If a photographer’s task was limited to saying “smile” and pushing a button, being a wedding photographer would be the easiest job in the world. But as we all know, this is not the case. On the contrary, creating memorable wedding images can be difficult, since many weddings appear similar on the surface, and the photographer has to dig deeper to reveal the unique personalities behind the white dresses and rented tailcoats.
Swedish wedding photographer Mickael Tannus knows this as well as anyone.
“I don’t have a problem with stepping outside the box,” says Mickael. “I love to take two or three or perhaps ten step away from it. Not in every picture, obviously. Then it just gets silly. But on some, for sure.”
Mickael has a background in advertising and art direction, but a couple of years ago, he decided to pursue his dream and start his very own photo business.
“This spring I decided to invest in serious equipment,” says Mickael. “I thought: it’s now or never. I wanted quality. I wanted something I could truly rely on.”
“You don’t need the best equipment to take great pictures. I mean, you can take a fantastic picture with your phone. But to continuously produce great material, to be sure to always be able to deliver pure quality, you need to know that you can trust your equipment.”
It’s kind of unusual to use the Beauty Dish and the Magnum Reflector for wedding photography.
“I know,” laughs Mickael. “That’s why I bought them.”
How do bridal couples react when you pull out gear like that?
“They think it’s cool. I think it makes them feel like they participate in a professional photo shoot.”
During the shoots, Mickael usually tries to intervene as little as possible. During the wedding day, he does his best to blend in, mingle and join the fun. During the portrait shoots, he keeps the instructions to a minimum.
“I don’t want to control too much. I just tell them to relax and focus on each other. Stay close. Enjoy yourself. Stuff like that. At first, they are usually tightened up, and I seize the opportunity to shoot some more traditional pictures. For grandma and grandpa, you know. They usually soften up after about half an hour. That’s when I shoot the relaxed and more personal images.”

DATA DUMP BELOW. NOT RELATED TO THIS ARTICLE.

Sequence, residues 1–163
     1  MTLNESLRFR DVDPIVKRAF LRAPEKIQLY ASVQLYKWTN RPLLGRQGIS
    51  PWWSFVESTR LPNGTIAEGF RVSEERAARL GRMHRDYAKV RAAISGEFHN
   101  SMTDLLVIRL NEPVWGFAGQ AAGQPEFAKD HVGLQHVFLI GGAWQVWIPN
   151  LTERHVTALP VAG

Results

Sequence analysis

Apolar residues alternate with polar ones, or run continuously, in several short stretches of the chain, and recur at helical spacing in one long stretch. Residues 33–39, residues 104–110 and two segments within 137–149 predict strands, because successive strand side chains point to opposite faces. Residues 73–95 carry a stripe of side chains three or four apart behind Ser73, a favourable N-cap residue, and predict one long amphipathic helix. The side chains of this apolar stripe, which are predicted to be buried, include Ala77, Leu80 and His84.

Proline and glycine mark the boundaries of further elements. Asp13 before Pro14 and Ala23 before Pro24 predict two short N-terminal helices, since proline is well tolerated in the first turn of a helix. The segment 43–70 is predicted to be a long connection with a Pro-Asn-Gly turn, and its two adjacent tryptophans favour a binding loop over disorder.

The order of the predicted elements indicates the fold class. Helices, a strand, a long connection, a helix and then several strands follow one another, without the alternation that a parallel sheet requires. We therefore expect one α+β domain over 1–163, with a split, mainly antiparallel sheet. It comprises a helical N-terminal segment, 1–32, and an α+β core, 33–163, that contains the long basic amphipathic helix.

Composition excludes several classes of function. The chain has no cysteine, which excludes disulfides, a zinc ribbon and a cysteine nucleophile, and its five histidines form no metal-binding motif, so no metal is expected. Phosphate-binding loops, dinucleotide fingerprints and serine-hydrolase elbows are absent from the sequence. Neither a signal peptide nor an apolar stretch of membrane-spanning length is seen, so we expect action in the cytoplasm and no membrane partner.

You’ve sent us a couple of your personal favorites. What can you tell us about them?
“Well, the first one was shot at Ellinge Castle. There was this beautiful natural light coming in from the left, which I softened with the AcuteB2 and the Beauty Dish. I used a shutter speed of 1/8 s, I believe. I really like the humor that springs from the contrasts in the image. The groom makes this really stiff expression, while she’s looks at him really sweet.”
“The second one is sort of a modern version of the caveman. Again, I like how he serious he look, while she is just laughing.”
“The third one was shot at Hovs Hallar in southern Sweden. We were on a cliff, and I asked the groom to jump as high as he possibly could. It’s a great ice breaker that sometimes results in great pictures. I used the AcuteB2 with a softbox, since I wanted to capture both the groom and the light in the background.”
“The last one is a slightly more traditional image, shot in September amongst ripe apples in Kivik. I talked and joked with the couple for a while, until they relaxed. It was shot in backlight, so I decided to go for the AcuteB2 with a Softbox on fairly low effect, since I wanted to lighten up the shadows without creating new ones in the opposite direction.”
Is there any common denominator in the images you like the most?
“It usually depends on two things, really. It’s the light, and it’s the wedding couple – if their chemistry shines through in the image. But there isn’t any definitive recipe to a great wedding picture. In the end, it all boils down to how the image makes you feel.”
Written by Fredrik Franzén
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